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  • Raymund Schwager, SJ, in Fourvière and Fribourg
  • Dom Elias Carr CanReg (bio)

Rene Girard, Raymund Schwager, Mimesis, Scapegoat Mechanism

Three years before René Girard published La violence et le sacré, a Jesuit doctoral candidate at the University of Fribourg began a short essay entitled “Unterwegs zu einer toleranten Kirche” (On the way to a tolerant church) in April 1969 with this claim: “Hexenjadgen gab es auf die eine oder andere Weise zu allen Zeiten” (In one way or another, there are witch hunts in every age). After having asserted that it is a universal feature of human existence to elevate customs, laws, thought patterns, and other interests to absolute norms, he argued, “Im Namen dieser Normen stießen sie dann einzelne oder Minderheiten aus ihrer Gemeinschaft aus und trieben sie in die Vereinsamung und oft sogar in den physischen Tod” (In the name of these norms, individuals or minorities are cast out of the community, driven into isolation, and often even put to death). After listing representative groups that have suffered such treatment—for example, witches, Jews, heretics, and others—the young Jesuit described this activity as a “soziologischer Mechanismus,” which was fundamentally the same in all cases including in the case of the death of Jesus of Nazareth. Without using the term “scapegoat,” the author, Raymund Schwager, SJ, concisely [End Page 221] summarized major elements of Girard’s mimetic theory before it was even published.

This evidence not only supports the contention—made most recently in Matthias Moosbrugger’s dissertation, “Die Rehabilitierung des Opfers. Zum Dialog zwischen R. Girard und R. Schwager über die Angemessenheit der Rede vom Opfer im christlichen Kontext”—that Schwager should be seen as a full partner with Girard in the development of mimetic theory but also raises the question, how did Schwager arrive at these insights? As James Williams notes in his review, by showing Girard’s indebtedness to Schwager, Moosbrugger’s work underscores the value and usefulness of investigating Schwager as a thinker in his own right.1 This present article seeks to further this effort by delving into Schwager’s theological education.

Organized by locations (Fourvière, France and Fribourg, Switzerland), institutions (Séminaire des missiones de Syrie and the University of Fribourg) and their particular histories, this article demonstrates in greater scope and with new material the extent to which the concerns that Girard and Schwager shared in their subsequent intellectual collaboration were already present in Schwager’s environment and, indeed, in his first writings in 1969 (two articles including the one cited above) and in his dissertation in 1970. While it may be judged as self-evident, and therefore seemingly irrelevant, to note that everyone has a unique standpoint, it remains nonetheless true that not all locations offer the same view; some are better than others. As will become clear, Schwager’s vocation and education do help to clarify his openness and sensitivity to the potential value of Violence and the Sacred when he encountered it, presumably in 1973, because he had already come to many of the same insights, as the citation above demonstrates.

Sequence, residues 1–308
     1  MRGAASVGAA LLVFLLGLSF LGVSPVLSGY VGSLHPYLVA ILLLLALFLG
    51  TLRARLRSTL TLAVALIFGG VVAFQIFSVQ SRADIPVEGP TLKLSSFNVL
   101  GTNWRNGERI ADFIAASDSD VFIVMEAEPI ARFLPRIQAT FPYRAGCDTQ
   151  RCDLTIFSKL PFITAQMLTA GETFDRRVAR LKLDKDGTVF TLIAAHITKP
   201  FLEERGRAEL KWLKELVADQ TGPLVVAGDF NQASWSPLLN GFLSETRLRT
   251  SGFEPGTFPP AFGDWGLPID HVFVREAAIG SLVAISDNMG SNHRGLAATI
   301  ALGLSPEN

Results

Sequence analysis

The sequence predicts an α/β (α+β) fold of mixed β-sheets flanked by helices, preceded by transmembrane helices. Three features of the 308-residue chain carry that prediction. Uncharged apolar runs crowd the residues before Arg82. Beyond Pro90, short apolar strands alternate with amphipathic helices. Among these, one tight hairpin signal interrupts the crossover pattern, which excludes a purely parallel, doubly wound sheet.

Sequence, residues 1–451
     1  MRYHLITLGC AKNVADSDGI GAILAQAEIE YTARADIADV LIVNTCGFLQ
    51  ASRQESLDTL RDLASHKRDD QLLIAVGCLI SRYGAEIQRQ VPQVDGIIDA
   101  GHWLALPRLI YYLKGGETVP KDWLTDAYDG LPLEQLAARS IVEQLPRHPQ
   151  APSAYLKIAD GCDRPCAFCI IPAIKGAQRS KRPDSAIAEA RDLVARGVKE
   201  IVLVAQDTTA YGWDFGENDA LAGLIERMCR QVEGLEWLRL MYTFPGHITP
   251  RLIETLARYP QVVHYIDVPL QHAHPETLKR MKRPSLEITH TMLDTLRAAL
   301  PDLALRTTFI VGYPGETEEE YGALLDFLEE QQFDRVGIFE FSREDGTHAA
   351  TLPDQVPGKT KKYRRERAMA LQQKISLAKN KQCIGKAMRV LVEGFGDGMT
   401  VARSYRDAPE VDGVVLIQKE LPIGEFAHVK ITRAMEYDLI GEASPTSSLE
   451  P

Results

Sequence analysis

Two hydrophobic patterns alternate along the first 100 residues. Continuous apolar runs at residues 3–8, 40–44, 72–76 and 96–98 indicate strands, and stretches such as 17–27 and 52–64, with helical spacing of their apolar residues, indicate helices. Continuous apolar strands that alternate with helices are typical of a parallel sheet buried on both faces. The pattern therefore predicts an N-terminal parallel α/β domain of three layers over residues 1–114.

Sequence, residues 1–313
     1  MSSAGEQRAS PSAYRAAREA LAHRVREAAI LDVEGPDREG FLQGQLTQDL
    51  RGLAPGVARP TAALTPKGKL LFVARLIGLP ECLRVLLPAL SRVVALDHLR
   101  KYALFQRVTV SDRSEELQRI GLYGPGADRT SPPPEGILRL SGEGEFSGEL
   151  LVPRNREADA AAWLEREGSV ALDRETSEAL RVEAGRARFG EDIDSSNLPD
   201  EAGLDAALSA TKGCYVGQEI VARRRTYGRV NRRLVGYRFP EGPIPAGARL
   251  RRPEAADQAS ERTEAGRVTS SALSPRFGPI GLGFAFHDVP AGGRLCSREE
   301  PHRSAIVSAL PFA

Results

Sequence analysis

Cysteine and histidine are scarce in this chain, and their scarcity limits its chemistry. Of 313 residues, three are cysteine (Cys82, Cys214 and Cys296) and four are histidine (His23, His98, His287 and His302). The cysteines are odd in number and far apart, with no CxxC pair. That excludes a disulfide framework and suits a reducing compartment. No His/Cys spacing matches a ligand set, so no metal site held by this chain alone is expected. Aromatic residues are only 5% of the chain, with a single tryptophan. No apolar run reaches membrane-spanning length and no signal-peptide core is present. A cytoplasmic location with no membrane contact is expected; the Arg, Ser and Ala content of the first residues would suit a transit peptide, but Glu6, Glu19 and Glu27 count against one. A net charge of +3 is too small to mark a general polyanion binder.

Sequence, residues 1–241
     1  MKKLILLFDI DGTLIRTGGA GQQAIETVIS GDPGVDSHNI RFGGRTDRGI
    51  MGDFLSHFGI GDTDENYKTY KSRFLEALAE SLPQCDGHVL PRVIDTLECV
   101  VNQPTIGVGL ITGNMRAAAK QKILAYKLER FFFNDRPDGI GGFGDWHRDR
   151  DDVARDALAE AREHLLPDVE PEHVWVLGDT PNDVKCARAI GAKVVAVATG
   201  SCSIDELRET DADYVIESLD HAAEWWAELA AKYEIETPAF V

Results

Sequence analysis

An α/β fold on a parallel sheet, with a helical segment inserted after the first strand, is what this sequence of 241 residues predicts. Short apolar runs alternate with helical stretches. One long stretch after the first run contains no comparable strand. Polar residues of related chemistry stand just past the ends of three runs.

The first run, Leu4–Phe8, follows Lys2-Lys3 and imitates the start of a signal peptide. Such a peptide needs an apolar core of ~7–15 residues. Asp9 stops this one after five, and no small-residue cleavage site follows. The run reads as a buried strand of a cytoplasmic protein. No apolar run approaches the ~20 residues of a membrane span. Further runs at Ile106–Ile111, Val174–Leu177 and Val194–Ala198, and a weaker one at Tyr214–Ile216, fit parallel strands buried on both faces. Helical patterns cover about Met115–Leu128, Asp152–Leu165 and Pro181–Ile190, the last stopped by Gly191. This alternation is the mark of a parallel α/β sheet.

Schwager has left little written testimony about his time in Fourvière other than his licentiate thesis on St. Paul. It is necessary, therefore, to reconstruct his experience from a limited documentary record; namely, the annually published program of study, Ephemerides et Catalogus; semiannual reports that the rector, Jacques Misset, SJ, sent to the Jesuit Generals, Jean-Baptiste Janssens, SJ, and his successor, Pedro Arrupe, SJ; the memoirs from two faculty members, Jacque Guillet, SJ, and Bernard Sesboüé, SJ; and interviews with Schwager’s colleagues, Herwig Büchele, SJ, and Józef Niewiadomski. To appreciate the historical context of Schwager’s studies in [End Page 222] Lyon, it is useful to describe two frames: 1) the local frame of the Jesuits’s recent history in France, and 2) the global frame of the philosophy and organization of higher studies in the Catholic Church at that time.

As elsewhere, the Society of Jesus in France had endured many challenges after its refoundation in 1814. The Jesuit Community established in Fourvière in 1841 to provide...


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